Students at Exeter University have spoken out about having to comply with what feels like a ‘targeted lockdown’ on students.
For the next fortnight, university students living within the city are being asked not to meet indoors with anyone not part of their households.
The new rules are due to more than half of coronavirus cases confirmed in the previous week across Devon being attributable to the university – mainly from students unwittingly arriving having already been infected elsewhere in the country and passing it onto the housemates.
Exeter University has 25,000 students, and it has been confirmed the number of students isolating on campus and halls residence are around 100 on the Exeter campuses.
Commenting on the new rules, one female student told the BBC: “It does just kind of feel like a local lockdown on students. I can understand it, but in a way it is unfair.”
Another said: “It is annoying that it is just us that can’t continue with what the law is.”
A third added: “They are targeting us, but there is nothing we can do about it.”
Exeter University students have been hitting the headlines over the last few weeks with pictures being shared of mass gatherings on campus.
It prompted first year student Keron Day, who has cerebral palsy, to return home in Cornwall because he is unwilling to take the risk of being in halls of residence.
He told the BBC: “I did not feel that the good rules the university has put in place were necessarily being followed in the way that they should be which is why I took the decision.
“There was too much mixing of households, despite the university’s best efforts.”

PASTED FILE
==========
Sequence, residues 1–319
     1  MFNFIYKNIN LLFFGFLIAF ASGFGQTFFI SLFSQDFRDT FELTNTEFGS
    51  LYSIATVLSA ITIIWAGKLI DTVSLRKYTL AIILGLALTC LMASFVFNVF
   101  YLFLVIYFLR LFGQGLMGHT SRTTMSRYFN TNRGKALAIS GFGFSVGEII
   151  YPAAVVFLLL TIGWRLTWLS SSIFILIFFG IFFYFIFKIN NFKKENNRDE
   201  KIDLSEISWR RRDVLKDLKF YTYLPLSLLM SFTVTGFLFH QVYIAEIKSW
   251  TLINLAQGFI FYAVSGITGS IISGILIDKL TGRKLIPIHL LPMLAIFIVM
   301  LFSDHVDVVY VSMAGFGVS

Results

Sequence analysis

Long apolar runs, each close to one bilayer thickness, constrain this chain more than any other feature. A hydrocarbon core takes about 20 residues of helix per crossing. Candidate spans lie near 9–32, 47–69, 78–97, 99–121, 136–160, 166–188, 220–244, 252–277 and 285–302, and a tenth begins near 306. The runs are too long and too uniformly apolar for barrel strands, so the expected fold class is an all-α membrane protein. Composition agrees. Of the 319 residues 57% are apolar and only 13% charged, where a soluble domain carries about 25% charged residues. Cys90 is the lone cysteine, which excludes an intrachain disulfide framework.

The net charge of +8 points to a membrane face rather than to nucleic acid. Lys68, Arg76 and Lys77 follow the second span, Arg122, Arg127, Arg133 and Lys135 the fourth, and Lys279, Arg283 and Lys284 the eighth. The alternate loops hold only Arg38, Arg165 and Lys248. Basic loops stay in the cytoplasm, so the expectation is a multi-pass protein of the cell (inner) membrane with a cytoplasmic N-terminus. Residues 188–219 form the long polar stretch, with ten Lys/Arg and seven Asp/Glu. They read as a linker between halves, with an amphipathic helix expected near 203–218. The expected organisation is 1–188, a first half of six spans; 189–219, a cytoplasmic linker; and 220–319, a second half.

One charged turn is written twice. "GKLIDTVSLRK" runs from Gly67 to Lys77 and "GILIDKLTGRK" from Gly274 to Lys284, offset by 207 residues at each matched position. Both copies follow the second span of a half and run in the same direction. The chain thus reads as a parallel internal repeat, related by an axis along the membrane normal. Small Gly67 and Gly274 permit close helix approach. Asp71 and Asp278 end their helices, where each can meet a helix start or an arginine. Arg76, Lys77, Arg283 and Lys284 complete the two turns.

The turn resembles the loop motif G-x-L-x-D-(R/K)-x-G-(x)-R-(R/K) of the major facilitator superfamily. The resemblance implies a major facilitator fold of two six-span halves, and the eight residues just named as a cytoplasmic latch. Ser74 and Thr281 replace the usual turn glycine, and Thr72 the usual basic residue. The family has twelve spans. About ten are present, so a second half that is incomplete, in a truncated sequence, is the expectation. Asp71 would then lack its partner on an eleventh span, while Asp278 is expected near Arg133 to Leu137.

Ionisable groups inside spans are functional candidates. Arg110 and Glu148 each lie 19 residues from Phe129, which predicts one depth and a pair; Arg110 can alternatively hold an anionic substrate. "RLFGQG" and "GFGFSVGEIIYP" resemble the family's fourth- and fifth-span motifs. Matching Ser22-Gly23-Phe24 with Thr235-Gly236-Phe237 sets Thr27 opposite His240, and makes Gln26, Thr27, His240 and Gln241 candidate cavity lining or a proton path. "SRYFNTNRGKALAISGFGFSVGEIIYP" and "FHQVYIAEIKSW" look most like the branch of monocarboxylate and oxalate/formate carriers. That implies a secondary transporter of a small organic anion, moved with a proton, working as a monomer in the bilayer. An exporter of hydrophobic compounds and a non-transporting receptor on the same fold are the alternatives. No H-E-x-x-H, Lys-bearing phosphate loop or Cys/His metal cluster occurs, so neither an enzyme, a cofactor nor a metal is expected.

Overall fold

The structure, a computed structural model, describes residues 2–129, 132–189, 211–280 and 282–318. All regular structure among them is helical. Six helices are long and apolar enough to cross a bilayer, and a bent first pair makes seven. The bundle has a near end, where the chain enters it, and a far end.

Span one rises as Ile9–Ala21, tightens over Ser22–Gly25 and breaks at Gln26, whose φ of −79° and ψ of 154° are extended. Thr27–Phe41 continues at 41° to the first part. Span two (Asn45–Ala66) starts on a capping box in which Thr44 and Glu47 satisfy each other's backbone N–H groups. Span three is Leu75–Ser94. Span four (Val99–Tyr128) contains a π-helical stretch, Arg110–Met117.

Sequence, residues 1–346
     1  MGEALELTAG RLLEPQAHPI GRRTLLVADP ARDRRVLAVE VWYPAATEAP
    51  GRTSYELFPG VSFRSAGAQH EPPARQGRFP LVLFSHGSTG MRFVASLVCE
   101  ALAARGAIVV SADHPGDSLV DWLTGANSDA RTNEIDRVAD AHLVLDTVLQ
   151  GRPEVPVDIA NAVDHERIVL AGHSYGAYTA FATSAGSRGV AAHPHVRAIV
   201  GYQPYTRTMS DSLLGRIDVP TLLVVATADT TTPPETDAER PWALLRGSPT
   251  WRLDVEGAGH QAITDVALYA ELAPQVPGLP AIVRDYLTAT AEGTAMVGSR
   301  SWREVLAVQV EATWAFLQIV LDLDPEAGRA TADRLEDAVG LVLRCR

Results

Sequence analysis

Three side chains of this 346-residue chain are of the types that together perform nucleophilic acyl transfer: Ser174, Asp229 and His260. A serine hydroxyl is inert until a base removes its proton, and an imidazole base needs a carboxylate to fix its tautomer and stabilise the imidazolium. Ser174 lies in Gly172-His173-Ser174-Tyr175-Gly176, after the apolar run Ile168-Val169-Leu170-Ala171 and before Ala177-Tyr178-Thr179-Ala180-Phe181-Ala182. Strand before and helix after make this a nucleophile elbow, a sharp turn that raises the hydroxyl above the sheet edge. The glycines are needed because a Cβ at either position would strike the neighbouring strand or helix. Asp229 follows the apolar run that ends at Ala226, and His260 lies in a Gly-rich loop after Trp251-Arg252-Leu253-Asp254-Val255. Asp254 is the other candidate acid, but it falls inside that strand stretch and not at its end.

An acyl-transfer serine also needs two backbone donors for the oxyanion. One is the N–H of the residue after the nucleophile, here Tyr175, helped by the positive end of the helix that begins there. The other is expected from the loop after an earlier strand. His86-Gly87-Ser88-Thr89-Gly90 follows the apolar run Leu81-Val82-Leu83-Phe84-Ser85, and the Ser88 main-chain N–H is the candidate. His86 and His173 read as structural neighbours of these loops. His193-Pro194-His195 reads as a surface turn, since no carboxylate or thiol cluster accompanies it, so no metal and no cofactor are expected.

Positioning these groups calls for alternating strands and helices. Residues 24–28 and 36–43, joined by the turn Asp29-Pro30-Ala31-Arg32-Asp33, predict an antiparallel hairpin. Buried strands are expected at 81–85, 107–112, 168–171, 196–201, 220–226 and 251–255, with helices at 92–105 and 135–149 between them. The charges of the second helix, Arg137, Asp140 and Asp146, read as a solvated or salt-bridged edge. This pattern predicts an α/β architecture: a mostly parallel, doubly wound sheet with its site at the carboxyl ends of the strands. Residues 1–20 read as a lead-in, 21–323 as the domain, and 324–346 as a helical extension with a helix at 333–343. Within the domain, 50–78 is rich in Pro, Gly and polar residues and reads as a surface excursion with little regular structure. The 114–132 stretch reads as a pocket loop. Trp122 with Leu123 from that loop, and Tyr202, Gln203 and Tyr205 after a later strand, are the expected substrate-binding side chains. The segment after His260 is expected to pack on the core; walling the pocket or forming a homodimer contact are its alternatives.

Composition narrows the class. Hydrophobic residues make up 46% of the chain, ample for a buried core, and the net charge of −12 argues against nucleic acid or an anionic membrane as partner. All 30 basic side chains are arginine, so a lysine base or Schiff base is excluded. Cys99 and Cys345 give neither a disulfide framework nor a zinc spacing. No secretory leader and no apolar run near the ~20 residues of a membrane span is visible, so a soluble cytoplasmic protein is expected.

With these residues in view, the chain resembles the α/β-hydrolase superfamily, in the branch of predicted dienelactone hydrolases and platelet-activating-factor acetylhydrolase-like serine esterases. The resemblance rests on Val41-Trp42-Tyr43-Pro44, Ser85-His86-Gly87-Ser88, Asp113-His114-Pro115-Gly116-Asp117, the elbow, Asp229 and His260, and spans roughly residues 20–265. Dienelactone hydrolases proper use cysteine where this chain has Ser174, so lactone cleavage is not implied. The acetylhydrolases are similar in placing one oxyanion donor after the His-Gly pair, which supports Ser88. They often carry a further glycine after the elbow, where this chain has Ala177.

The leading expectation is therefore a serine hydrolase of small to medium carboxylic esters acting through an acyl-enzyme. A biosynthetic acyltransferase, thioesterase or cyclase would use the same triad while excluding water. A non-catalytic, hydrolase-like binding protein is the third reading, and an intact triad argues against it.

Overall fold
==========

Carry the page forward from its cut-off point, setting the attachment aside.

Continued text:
For people living near the campus, the restrictions have not come as a surprise.
Jonathan Kirby of Powderham Crescent Residents’ Association, said: “My reaction to this is, I told you so. No one should be surprised with all these students coming back that there would be contact and spread of coronavirus.
“It was just absolutely bound to happen and you don’t have to be an expert or a super forecaster, data analyst or anything. We could see it coming and it’s here.”
There has been no evidence of wider community transmission in Exeter. For the period between September 18 and 24, 50 cases have been confirmed from people living within the Pennsylvania and University MSOA, or people studying at the University but living elsewhere within Exeter, with a cluster of 3 in St Leonards and 7 in St James’s Park & Hoopern.
For the next 14 days, beginning from Monday, September 28, students who live in Exeter are being asked to not to meet indoors with anyone who is not part of their household.
The only exceptions to this are for study, work, organised sport, or in an emergency situation where people are in danger.
Exeter University has confirmed all students have signed up its Covid safety charter.
Tim Quine, deputy vice chancellor of Exeter University said: “I think the message is getting out there, but I think students are not alone in this. It is really important to recognise that as a society we have got to work out how we are going to respond and how we are going to make sure we look after each other to keep each other safe.”
He continued: “The wider community should take great reassurance from the testing and tracing program because what’s really fundamental about that is we can turn around tests within 24 hours so we are able to identify positive cases rapidly and make sure they make appropriate responses and self-isolate.
“The emphasis is on looking to our students to act responsibly and make some sacrifices to keep each other safe and the wider community.”